Contributed by Emily Landis of The Nature Conservancy 

BlueCarbon_InfoGraphLast month, governments, intergovernmental organizations, UN agencies, NGOs and civil society convened at the Conference of the Parties (COP) of the United Nations Framework Convention on Climate Change (UNFCCC) to work towards a new global climate change agreement. There, world leaders recognized the need to take strong action to avoid a temperature increase above 2 degrees C, which is the accepted ‘point of no return.’   To avoid the increase, greenhouse gas emissions (GHG) will need to be reduced by 40-70% by 2050. With such an enormous challenge ahead for all countries, how can a small habitat like coastal wetlands play a big role?

Coastal wetlands are extremely efficient at sequestering and storing carbon where it remains in soils for millennia. These coastal systems, specifically mangroves, salt marshes and seagrass meadows, are referred to as ‘blue carbon.’ Per hectare coastal wetlands sequester and store huge amounts of carbon. Each year, blue carbon systems sequester enough carbon to offset the annual emissions of Thailand. Our new carbon counter was on display at the UN Climate Conference in Paris (COP21). It continues counting up the tremendous volumes of carbon dioxide being locked up every day by blue carbon since the start of the COP21 meeting. However, blue carbon systems are being lost at an alarming rate due to conversion for aquaculture, coastal development and numerous other land uses. This degradation can result in the emission of these blue carbon stores into the ocean and atmosphere.

Current rates of loss of these ecosystems are estimated to be between 0.7–7% of their global area per year, resulting in estimated emissions equal to the annual fossil fuel emissions of the United Kingdom. Although the combined global area of mangroves, tidal marshes and seagrass meadows equates to only 2–6% of the total area of tropical forest, degradation of these systems accounts for 3–19% of carbon emissions from global deforestation.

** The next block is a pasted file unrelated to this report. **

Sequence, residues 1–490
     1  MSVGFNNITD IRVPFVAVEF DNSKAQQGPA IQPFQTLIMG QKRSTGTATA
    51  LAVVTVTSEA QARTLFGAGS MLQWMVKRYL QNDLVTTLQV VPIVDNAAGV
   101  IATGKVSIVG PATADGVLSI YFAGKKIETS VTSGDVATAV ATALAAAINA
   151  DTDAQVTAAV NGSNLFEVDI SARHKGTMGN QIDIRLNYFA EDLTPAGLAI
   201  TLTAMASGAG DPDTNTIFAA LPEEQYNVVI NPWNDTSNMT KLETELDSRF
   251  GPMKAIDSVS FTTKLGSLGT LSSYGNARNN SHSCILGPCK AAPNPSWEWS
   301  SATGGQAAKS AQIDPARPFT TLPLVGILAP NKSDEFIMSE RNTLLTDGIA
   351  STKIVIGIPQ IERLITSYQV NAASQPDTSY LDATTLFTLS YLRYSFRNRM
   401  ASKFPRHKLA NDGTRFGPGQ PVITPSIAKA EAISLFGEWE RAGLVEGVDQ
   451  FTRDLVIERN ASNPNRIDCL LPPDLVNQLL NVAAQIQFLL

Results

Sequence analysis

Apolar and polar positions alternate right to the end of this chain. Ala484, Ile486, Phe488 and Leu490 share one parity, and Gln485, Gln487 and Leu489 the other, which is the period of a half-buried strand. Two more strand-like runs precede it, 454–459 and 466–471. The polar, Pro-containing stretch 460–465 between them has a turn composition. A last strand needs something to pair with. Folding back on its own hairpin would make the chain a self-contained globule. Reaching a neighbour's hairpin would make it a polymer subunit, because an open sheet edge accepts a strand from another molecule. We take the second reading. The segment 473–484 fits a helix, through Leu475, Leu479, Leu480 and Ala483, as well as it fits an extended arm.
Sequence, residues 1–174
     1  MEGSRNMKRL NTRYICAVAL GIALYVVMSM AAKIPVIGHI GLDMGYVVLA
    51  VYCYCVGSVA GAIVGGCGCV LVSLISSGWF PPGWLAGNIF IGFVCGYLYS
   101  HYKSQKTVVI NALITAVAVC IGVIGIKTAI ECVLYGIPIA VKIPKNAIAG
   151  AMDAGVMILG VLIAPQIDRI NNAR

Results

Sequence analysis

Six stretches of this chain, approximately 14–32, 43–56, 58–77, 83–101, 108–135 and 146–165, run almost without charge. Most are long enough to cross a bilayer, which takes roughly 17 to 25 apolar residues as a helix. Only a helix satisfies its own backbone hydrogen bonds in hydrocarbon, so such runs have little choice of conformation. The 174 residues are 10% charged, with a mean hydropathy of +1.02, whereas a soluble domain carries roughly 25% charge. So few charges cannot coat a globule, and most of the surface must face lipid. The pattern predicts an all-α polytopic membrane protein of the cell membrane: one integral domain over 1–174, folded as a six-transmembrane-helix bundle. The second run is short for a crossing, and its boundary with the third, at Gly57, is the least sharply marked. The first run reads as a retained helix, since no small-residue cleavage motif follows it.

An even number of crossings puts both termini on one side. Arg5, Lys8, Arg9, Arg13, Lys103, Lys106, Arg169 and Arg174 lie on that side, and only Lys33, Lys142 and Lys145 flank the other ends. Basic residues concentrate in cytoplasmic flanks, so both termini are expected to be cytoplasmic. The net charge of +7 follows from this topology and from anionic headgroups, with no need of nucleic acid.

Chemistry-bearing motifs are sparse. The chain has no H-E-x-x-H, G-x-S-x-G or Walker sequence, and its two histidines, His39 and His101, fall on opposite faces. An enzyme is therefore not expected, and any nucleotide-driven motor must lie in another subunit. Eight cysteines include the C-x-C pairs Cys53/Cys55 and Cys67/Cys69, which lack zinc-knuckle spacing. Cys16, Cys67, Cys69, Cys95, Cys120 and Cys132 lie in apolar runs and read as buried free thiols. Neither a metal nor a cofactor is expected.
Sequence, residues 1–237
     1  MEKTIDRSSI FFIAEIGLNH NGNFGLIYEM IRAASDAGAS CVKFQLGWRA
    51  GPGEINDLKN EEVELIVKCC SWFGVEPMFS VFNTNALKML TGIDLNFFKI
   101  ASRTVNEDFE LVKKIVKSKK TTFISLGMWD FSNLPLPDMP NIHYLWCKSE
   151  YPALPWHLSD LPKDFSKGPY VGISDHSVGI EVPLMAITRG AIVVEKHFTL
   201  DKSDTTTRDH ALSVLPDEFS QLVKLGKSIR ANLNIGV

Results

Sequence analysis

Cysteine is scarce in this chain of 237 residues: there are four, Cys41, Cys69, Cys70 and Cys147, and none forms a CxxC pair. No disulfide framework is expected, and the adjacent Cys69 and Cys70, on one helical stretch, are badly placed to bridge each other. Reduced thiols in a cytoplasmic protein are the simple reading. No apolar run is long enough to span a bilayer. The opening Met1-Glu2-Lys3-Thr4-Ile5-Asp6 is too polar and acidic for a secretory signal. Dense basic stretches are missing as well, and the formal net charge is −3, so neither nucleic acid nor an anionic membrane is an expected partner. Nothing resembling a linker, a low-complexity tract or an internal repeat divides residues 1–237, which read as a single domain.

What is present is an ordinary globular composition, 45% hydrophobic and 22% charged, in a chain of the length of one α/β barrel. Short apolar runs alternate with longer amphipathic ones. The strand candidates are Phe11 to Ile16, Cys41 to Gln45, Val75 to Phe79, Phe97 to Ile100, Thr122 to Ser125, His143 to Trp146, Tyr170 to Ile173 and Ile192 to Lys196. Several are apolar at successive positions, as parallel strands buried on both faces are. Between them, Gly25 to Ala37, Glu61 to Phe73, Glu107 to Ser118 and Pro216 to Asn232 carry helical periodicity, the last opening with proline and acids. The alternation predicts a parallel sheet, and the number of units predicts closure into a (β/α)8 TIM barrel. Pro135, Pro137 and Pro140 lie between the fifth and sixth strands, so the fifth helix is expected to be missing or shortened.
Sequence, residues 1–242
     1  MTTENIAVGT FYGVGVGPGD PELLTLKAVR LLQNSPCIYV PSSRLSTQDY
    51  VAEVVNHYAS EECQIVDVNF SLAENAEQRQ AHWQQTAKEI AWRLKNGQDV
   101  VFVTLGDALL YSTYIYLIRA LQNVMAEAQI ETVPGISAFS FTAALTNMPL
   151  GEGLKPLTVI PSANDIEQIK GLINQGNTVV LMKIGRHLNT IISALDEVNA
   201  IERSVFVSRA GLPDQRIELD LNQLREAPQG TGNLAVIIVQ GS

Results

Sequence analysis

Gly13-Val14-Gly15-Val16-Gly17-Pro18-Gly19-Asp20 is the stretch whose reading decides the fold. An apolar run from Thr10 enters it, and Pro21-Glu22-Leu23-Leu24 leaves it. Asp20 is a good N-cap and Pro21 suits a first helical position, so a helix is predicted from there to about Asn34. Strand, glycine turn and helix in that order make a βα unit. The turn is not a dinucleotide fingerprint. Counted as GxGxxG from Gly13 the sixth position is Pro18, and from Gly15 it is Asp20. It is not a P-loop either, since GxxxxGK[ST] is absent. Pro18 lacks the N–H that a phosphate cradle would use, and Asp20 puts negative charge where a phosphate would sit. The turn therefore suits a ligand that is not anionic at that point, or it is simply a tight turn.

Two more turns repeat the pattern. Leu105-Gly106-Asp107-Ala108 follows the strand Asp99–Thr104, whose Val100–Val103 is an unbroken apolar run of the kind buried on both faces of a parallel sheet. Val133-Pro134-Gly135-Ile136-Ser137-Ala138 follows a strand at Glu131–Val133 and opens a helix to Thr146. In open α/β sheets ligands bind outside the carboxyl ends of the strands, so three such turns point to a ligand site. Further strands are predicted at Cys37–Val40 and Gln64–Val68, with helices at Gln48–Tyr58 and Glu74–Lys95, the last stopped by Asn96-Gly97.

Coastal wetlands have been the focus of conservation and restoration efforts for over a century with the goal of preserving biodiversity and generating benefits to local communities. With the recognition for their carbon storage and sequestration value, and conversely the emissions released when these ecosystems are degraded or destroyed, doors are being opened for wetland managers to explore funding sources directed towards climate mitigating efforts. Yet many countries are unaware of the options or opportunities that blue carbon can play.

A new report by TNC and partners, “Coastal “blue” carbon: A revised guide supporting coastal wetland programs and projects using climate finance and other financial mechanisms.” emphasizes finance avenues which can link and complement carbon activities with non-carbon based sources for financing coastal and marine restoration and conservation, such as payments for ecosystem services, the use of insurance schemes or debt-for-nature swaps.

If mangroves are included in a country’s definition of a forest, they are eligible under Reducing Emissions from Deforestation and Forest Degradation (REDD) for climate credits. REDD is unlikely to be expanded, however, a country can always voluntarily decide to include other ecosystems in the implementation of projects such as salt marshes and seagrass.

Beyond finance, The International Panel on Climate Change (IPCC) 2013 Wetlands Supplement provides methods for the inclusion of mangroves, salt marshes and seagrass ecosystems into national GHG inventories that are reported to the UNFCCC. Additionally, Nationally Appropriate Mitigation Approaches (NAMAs) is another opportunity where mangroves, salt marshes, and seagrasses fit and provide countries with leeway in what mitigation actions and projects can be included in their UNFCCC reporting. More education about these opportunities, along with support for blue carbon projects, would help to ensure the incorporation of mangroves, seagrass, and salt marsh projects into more UNFCCC-related global activities.

The only way countries can achieve the greenhouse gas targets agreed upon at COP21 will be with a multifaceted solution, building off not only reducing emissions, but preserving and increasing nature’s capacity to absorb CO₂. While coastal wetlands may not solve the problem, they are an essential part of the solution.

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